Car of the Week: 1957 Dodge Royal Lancer
By Brian Earnest
Wayne Maddox knows the 1950s Bel Airs and the Cadillacs and the finned Chrysler Letter Cars of the day hog a lot of today’s
collector spotlight. In fact, the Westminster, Co., resident has owned some of those high-profile cars himself.
But Maddox still hasn’t seen a car that surpasses his 1957 Dodge Royal Lancer D-500 hardtop when it comes to combining
sweet, swoopy looks with neck-snapping performance.
“It’s just amazing. It’s a time capsule,” he says of his 37,000-mile Dodge, which is largely untouched from its original factory
condition. “When you talk about 1957, the car that immediately comes to everbody’s minds is the Chevy Bel Air. And I still
own a ’57 Bel Air that was our family car when I was a kid. But when you put that ’57 Dodge up next to the Chevy, the Bel
Air just seems so frumpy and so high.
“A lot of people think that Dodge pulled off the fins the best, and it’s hard to argue that … And with that Hemi in her, boy I’ll
tell you, she just cruises!”
Over the years, Maddox, who operates a small salvage and parts business, has assembled an impressive array of vehicles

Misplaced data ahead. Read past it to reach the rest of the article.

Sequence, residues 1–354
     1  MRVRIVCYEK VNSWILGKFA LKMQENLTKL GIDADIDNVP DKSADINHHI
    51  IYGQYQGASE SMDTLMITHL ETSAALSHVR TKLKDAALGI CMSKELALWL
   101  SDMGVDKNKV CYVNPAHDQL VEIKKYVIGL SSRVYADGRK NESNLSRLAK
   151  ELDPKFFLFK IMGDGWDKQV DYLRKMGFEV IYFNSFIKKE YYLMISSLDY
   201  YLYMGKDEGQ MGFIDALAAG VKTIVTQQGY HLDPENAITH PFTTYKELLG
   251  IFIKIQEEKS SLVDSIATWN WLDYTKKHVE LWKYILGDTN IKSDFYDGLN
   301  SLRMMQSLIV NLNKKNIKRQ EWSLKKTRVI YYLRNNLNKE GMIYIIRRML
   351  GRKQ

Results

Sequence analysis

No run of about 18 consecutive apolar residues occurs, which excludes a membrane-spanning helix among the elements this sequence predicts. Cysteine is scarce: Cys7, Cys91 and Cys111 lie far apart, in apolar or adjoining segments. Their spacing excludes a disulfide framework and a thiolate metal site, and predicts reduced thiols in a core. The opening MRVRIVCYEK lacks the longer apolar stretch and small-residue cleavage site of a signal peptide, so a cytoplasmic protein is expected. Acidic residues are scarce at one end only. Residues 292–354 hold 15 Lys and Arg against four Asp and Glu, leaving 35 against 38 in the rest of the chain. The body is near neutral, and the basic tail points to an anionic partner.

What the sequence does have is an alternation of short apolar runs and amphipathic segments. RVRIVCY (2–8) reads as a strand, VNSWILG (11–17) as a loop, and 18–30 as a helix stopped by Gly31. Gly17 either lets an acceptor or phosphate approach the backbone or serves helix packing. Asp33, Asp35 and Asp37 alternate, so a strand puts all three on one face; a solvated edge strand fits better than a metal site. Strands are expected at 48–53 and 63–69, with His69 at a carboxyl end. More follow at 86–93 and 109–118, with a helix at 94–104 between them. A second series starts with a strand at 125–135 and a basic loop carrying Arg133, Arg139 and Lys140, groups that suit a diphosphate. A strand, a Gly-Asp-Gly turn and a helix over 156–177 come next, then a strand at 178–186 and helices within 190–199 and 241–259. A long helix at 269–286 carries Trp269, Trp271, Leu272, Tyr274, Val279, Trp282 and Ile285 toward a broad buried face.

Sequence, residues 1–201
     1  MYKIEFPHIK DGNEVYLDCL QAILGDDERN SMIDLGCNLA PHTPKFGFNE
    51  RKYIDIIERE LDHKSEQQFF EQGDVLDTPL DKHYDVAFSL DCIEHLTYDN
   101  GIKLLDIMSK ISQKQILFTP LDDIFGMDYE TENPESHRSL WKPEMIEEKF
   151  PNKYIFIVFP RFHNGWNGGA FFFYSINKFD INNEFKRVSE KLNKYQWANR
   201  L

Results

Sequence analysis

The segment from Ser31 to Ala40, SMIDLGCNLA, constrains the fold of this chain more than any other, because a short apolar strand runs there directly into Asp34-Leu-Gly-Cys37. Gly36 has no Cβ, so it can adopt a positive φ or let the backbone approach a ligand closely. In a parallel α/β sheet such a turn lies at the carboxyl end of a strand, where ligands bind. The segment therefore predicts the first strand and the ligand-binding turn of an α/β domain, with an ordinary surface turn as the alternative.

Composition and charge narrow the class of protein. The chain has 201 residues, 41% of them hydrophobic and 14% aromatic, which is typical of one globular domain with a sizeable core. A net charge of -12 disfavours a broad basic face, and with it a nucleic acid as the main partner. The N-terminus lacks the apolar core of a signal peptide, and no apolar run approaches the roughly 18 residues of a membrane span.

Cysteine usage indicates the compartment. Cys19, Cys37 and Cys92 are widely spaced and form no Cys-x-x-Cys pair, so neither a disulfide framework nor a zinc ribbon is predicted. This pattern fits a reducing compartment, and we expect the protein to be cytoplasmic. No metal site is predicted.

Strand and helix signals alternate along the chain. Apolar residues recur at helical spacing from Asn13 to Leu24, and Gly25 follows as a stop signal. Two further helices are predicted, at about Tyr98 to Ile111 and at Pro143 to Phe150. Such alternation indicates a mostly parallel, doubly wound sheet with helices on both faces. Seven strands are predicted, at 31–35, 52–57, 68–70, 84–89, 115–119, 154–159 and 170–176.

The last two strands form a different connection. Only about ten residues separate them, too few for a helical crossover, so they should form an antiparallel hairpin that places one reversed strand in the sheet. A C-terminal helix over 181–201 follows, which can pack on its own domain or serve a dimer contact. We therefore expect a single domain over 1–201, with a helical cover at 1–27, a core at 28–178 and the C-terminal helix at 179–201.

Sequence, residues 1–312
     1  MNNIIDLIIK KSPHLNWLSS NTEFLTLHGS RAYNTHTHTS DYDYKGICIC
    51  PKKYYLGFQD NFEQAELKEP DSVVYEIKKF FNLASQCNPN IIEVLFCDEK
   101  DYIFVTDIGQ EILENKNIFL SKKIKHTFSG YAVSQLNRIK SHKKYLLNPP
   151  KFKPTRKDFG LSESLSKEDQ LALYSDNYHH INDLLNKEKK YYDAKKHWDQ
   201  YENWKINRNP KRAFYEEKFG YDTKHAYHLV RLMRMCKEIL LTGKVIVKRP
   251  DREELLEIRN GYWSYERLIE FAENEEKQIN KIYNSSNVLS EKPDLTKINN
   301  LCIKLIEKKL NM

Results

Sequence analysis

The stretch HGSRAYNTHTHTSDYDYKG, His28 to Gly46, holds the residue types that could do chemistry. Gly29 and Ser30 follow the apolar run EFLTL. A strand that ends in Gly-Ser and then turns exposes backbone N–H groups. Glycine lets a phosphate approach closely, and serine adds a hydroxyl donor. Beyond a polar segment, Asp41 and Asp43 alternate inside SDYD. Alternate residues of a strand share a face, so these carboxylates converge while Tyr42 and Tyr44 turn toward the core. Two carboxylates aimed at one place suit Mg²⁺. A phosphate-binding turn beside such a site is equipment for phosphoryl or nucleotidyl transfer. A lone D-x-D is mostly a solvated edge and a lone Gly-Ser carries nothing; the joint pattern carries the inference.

in his collection. Joining the Royal Lancer D-500 and Bel Air are about 20 other cars ranging in vintage from a stunning 1949
Plymouth convertible to a 1984 Chrysler limousine. But Maddox claims he’s “not one of these ‘big buck’ high-roller type of
collectors which now, seem to dominate the hobby. While I have a lot of cars, I have been lucky to be in the right place at
the right time to obtain them. My garage is not one of these mini mansion warehouse garages. It is a simple two-car garage
out back of my house. About eight of my cars are stored in an old turkey barn north of town, and some, regrettably, are
But the ’57 Dodge definitely gets its share of TLC. As was the case with many of his purchases, Maddox came across the Royal
Lancer largely by accident.
“One of my dad’s buddies knew this woman, and he had been after her to buy it for years,” he said. “Finally, in ’78, she was at
a point where she had to go in a nursing home … So she called [the friend] up and said, ‘Are you still interested in the car?’ He
said, no, but that he had a buddy who was an old Chrysler guy and he might be interested …
“So he called me and said, “How’d you like ’57 Dodge with 15,000 miles?’ I said, ‘Yeah, I’d be interested.’ I thought it would